Now, whether or not I do this is another question, but it is interesting.

Me, I’ll probably still get the Mac because I can use all my previously purchased Mac software on it. But will I buy it brand spanking new? Likely not.

Menu Planning

In Uncategorized on October 21, 2009 at 10:43 am

Menu Planning – it seems to be a popular thing to do. Do you do it? I don’t.

But maybe I should start?

The few things I would need to overcome:

1. Our schedules are not regular. Like, at all. Hubby is away several days a week. We are often not at home on the weekends on sporadic events at friends places, etc, usually only planned at the last minute.

2. When hubby’s away, I rarely eat meat. But when he’s home, he works from home and will cook the meals, often on a ‘whatever-he-feels-like-having’ plan with frequent trips to the grocer with ‘pick-up-what-he’s-missing-for-his-meal’ lists.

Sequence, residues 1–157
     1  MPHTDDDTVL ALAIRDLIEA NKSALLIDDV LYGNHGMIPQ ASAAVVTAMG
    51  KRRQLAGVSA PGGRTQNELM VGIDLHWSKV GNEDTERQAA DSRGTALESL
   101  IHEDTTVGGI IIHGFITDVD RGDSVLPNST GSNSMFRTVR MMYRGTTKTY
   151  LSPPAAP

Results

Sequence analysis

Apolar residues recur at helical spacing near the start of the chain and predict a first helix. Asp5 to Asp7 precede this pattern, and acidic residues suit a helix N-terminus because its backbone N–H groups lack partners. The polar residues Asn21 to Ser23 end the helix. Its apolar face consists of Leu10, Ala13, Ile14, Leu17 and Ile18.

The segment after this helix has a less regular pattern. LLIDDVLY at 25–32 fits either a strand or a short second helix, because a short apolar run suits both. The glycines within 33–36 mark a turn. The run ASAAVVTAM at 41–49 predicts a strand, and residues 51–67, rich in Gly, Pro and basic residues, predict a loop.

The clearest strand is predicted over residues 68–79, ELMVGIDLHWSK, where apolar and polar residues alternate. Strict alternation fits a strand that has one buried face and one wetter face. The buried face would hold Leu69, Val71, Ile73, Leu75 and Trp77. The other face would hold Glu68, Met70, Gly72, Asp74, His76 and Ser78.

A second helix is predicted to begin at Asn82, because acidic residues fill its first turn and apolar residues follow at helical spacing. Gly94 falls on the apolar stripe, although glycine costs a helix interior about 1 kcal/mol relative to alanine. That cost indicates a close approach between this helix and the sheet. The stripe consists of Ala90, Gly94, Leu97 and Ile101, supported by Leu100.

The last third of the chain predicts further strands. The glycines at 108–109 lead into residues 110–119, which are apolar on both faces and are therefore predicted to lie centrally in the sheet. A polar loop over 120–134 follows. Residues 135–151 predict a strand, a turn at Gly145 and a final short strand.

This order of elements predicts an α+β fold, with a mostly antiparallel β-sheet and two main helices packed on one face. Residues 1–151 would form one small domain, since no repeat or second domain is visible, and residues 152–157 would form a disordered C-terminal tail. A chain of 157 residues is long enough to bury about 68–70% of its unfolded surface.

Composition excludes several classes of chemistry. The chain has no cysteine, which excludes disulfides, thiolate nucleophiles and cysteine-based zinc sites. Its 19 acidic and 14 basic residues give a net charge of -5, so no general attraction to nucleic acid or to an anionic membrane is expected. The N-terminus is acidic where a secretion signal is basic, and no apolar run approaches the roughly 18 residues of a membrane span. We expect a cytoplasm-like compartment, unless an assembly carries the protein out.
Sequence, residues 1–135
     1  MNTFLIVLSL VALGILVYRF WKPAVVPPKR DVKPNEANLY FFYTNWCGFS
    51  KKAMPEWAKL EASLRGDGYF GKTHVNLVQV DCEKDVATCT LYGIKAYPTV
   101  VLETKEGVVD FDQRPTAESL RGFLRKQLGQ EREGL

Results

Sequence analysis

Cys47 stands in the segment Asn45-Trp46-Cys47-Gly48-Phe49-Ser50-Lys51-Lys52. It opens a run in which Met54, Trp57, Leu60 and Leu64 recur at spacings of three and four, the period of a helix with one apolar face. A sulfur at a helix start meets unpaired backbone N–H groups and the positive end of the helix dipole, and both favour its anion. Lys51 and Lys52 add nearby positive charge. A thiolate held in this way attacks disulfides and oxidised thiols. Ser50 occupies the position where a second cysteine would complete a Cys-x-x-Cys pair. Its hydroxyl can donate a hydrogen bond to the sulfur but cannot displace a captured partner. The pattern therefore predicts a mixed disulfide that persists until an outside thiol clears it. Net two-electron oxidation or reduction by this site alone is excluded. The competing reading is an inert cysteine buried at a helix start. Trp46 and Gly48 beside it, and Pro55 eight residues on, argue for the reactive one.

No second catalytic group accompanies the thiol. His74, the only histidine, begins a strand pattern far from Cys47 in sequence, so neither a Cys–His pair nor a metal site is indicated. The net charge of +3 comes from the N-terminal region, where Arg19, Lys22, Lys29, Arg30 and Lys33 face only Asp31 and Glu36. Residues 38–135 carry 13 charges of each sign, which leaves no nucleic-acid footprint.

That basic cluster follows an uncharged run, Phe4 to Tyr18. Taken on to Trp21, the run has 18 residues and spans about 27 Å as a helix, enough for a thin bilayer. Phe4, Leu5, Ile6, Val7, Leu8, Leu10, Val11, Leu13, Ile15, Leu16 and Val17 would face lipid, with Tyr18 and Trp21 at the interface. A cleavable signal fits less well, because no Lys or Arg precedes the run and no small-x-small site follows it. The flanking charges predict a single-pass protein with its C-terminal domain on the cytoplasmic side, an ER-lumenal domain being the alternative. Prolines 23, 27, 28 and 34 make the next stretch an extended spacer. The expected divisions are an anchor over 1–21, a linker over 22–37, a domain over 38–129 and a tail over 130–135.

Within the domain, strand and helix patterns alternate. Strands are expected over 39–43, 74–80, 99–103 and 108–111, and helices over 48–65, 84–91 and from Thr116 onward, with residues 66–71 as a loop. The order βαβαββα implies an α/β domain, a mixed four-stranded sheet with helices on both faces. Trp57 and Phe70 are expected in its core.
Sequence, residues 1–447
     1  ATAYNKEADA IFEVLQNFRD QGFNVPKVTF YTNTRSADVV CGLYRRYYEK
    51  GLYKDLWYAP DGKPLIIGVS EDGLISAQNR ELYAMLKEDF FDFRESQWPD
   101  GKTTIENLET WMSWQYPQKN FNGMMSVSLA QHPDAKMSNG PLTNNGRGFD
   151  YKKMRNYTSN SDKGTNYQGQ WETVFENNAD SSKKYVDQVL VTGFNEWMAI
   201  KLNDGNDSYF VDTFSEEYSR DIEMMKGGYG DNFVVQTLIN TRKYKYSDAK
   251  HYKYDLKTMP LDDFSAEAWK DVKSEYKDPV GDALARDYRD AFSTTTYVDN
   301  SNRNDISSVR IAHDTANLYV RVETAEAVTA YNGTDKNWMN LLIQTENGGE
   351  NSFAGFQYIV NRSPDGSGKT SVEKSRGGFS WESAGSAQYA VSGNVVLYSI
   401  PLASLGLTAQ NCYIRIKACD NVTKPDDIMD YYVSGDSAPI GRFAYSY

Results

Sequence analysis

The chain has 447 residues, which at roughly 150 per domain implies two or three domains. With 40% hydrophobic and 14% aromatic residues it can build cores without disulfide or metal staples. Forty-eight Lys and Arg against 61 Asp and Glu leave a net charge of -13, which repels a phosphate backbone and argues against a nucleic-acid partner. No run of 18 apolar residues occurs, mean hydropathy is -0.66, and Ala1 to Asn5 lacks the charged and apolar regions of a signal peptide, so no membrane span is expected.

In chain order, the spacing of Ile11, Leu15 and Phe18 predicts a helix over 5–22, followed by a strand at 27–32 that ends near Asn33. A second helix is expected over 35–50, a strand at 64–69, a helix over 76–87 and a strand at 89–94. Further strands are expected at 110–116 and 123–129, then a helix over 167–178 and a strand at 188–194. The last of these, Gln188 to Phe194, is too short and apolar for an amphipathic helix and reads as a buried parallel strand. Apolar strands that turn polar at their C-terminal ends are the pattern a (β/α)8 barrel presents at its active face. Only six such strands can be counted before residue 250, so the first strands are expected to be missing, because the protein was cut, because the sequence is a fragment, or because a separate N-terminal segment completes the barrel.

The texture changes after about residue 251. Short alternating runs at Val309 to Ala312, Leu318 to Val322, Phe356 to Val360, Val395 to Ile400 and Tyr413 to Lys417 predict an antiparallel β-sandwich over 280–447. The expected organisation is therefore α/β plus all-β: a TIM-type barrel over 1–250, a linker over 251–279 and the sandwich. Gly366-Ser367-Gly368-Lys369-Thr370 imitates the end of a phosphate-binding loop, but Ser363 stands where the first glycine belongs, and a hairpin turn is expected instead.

I think it would be hard to follow any sort of ‘plan’ I make up on a weekly basis if hubby was throwing it all away when he decided he wanted to make a big roast on Thursday that week. What would I do with my fresh channa curry ingredients since we’d be out all weekend and not have a chance to make it? Would it all go to waste?

What works for you?

Maybe I will try it out for two weeks and see how things go. Maybe hubby will be convinced its a good idea once we get into the routine. I’m just afraid it will impeded his ‘creativity’ in the kitchen – he’s an AWESOME cook and I love when he whips us up an amazing dish. Mmmmm… hungry now!